Bushbaby [Senegal Galago] (Galago senegalensis)

Senegal Galagos are a small size, 14" (35cm) long, plus a long bushy tail, 9" (23cm). Very distinctive large round brown eyes with dark rings. Large ears which are rounded and thin, with 4 distinct 'folding lines' and ears are folded when at rest or dashing through vegetation, to protect these delicate structures. Their ears work like a bat's and insects are tracked in the air, in addition to using their eyes. Their coats are fine, with a wooly appearance, grey to brown in colour. Their underparts and chin are pale cream, sometimes tinged with orange. All 'fingers and toes' have nails, except one on the hind foot, which is claw-like and used for grooming. They also have two tongues, the lower one is used exclusively for grooming purposes.

Senegal Galagos are seen throughout Kenya, in woodlands, particularly where Acacia are present. Also along riverine areas where there are woodlands.

Senegal Galago females always reject the first advance by the male. Thereafter, they mate regularly for a a few hours. After a gestation period of 120 days, between one and three youngsters are born, weighing less than half an ounce (10gm). She weans them for around 6 days, after which time she carries them by mouth to near her feeding ground. At 2 months, the youngsters feed independently. Males leave their Mother's territory, forming batchelor groups, from which the dominany male mates with all females in his group's area. Females defend their own areas, along with their offspring. In captivity, a Bushbaby has been recorded to live for 16 years. Much less, in the wild.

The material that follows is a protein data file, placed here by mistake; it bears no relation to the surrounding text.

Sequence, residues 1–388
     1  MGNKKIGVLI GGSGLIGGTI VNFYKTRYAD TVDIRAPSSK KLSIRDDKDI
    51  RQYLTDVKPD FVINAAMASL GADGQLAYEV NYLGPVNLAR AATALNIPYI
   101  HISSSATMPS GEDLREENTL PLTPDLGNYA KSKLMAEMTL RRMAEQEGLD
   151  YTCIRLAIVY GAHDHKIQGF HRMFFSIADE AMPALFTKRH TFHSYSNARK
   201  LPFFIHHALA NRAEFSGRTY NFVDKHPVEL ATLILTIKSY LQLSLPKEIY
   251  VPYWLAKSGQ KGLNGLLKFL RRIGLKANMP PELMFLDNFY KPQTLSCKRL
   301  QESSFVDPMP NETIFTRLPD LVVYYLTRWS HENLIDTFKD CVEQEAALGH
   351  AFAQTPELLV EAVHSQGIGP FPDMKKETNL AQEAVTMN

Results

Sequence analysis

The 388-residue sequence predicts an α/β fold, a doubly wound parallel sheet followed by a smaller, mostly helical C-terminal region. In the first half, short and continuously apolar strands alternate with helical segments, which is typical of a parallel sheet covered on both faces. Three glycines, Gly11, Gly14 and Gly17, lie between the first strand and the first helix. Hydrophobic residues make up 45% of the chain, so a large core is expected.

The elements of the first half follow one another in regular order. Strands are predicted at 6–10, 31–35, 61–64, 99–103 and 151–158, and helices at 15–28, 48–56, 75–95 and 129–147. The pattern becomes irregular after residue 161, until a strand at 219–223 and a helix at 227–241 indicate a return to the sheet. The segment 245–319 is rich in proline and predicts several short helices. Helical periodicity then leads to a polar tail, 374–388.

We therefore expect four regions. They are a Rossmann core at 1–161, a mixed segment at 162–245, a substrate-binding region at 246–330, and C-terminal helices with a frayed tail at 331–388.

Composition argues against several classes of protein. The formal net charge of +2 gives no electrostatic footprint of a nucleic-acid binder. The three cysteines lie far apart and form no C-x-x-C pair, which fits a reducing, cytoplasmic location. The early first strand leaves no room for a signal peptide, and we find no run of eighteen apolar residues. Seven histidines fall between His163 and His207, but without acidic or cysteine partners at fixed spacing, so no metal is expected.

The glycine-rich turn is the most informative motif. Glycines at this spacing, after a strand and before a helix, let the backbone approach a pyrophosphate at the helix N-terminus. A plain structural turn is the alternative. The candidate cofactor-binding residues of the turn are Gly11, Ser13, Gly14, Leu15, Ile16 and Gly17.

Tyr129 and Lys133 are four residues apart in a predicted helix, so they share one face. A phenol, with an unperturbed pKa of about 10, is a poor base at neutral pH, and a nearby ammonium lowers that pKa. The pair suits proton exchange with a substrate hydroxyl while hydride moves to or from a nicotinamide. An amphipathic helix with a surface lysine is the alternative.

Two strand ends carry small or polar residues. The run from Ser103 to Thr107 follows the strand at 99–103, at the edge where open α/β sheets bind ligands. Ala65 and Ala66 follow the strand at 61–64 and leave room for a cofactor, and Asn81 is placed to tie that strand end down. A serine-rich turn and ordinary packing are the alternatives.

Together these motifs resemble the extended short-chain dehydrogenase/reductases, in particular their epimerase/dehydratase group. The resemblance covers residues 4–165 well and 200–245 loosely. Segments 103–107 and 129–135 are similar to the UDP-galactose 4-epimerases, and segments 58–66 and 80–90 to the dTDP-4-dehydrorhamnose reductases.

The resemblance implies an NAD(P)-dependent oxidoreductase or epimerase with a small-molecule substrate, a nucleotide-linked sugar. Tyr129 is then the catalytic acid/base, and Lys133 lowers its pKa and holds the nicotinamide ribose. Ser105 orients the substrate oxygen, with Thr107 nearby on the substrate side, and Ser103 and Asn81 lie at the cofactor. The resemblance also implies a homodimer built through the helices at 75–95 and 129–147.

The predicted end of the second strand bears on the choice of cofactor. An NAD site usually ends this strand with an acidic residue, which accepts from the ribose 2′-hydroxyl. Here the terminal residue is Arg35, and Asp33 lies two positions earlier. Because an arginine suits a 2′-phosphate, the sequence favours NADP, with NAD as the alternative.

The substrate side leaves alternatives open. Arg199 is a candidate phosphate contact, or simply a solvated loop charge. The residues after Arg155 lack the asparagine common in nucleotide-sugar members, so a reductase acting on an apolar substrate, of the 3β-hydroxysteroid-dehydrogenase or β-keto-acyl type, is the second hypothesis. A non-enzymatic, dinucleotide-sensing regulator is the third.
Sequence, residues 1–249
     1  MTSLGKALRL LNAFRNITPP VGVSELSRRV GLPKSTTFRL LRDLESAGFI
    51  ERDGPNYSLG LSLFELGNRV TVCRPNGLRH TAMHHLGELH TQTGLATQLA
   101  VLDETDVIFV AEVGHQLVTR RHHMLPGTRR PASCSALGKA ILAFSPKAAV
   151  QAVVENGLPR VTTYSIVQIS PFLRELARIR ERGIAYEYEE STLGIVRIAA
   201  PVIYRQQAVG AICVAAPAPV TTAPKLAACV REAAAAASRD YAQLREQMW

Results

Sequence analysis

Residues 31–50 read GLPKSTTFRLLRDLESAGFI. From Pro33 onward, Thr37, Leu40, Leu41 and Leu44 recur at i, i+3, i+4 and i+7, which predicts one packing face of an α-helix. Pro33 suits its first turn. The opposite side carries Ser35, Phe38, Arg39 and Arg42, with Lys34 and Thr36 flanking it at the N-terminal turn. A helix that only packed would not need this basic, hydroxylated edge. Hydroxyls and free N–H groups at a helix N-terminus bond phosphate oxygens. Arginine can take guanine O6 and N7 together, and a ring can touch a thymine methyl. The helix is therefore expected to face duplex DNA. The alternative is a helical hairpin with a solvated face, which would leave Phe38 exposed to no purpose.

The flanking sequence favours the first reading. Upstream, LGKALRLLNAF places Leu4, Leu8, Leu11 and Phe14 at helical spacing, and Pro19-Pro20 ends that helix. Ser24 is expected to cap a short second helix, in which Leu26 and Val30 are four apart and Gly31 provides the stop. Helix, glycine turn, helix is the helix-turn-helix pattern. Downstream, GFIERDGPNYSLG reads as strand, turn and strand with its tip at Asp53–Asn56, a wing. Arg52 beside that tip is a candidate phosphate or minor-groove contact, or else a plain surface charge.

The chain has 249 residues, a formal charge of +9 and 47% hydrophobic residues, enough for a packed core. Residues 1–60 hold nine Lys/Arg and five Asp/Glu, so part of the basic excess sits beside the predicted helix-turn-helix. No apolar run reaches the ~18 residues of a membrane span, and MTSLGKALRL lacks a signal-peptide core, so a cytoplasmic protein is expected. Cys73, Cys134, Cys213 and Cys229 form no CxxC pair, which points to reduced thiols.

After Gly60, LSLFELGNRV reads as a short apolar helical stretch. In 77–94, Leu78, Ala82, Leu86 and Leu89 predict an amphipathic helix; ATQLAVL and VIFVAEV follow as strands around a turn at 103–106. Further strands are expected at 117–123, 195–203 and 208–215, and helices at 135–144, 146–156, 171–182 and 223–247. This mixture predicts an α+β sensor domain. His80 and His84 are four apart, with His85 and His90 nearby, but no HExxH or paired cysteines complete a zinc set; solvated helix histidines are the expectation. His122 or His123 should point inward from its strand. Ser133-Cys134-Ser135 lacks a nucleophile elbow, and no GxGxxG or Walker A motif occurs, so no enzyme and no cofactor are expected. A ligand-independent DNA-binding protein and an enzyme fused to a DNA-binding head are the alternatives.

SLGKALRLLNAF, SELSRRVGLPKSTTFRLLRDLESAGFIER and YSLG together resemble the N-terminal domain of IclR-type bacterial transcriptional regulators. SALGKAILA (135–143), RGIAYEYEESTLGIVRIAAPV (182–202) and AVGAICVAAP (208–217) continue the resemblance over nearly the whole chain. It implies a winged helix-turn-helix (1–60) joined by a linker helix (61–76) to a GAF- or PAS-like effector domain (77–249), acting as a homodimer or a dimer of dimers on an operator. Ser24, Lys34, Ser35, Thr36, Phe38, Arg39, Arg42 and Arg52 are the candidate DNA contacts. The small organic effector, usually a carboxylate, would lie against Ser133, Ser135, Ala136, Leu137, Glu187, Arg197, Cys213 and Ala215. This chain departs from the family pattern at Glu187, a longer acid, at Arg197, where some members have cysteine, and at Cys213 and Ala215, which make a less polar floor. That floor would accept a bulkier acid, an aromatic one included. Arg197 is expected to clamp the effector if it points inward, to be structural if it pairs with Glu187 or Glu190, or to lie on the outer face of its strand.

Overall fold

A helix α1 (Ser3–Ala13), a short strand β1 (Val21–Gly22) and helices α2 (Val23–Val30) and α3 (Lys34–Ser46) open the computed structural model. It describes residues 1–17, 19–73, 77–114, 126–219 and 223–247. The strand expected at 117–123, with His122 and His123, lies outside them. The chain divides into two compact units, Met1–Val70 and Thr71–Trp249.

Senegal Galagos are predated by Eagles, larger Owls & Snakes and small cats (Genet, Serval etc;).

Senegal Galagos are tremendous jumpers. Both from tree-to-tree and up-and-down, like a Kangeroo. They are nocturnal and mainly seen in trees, jumping from tree to tree. They live in family groups of between 2 to 8, defending a territory of around 3 hectares. Given an area of bountiful food, many hundreds may be found within a square kilometer. They mark their territory in an unusual way, by urinating on their hands and feet, the smell then being left on all the trees they visit.
During the day, they sleep together in leafy nests or the holes of trees. They may even be found in barns or attics. They forage alone at night, but keep in touch with child-like screams and chattering. All together, over 25 different calls have been recorded, including a rallying call for a group to assemble at the nesting place.
Grooming is very important in Senegal Galagos social structure. While females reject offers of grooming by males, each sex grooms each other and social order is respected.

Senegal Galagos are partial to the resin of trees, fruit, insects and other invertebrates. Very occasionally, they will also take small birds and lizards. They adapt their diet to the seasons. Being nocturnal, their large eyes can see in the dark, their bat-like ears have tremendous hearing and they snatch flying insects unerringly.

Other Senegal Galagos Facts
Senegal Galagos have thick pads on their hands and feet, which allow them to cling to even smooth, upright places. Their legs and arms fold up while jumping through the air, being flung out at the last split-second and the pads on their digits cling straight-away to a branch or trunk, sucker-like.

Images taken in Kenya's Meru National Park.

Categories & Keywords
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Keywords:animal, bush baby, bushbaby, kenya, senegal galago, wildlife

Senegal Galago Bushbaby ~ Looking Down

A Senegal Galago Bushbaby, clinging to a smooth post, looking down.

Senegal Galago Bushbaby ~ On Timber Post

A Senegal Galago Bushbaby, clinging to a timber post, in a safari camp in Kenya's Meru National Park.

Senegal Galago Bushbaby ~ Staring

A Senegal Galago Bushbaby, hanging onto a pole, staring straight at the camera with its huge brown eyes.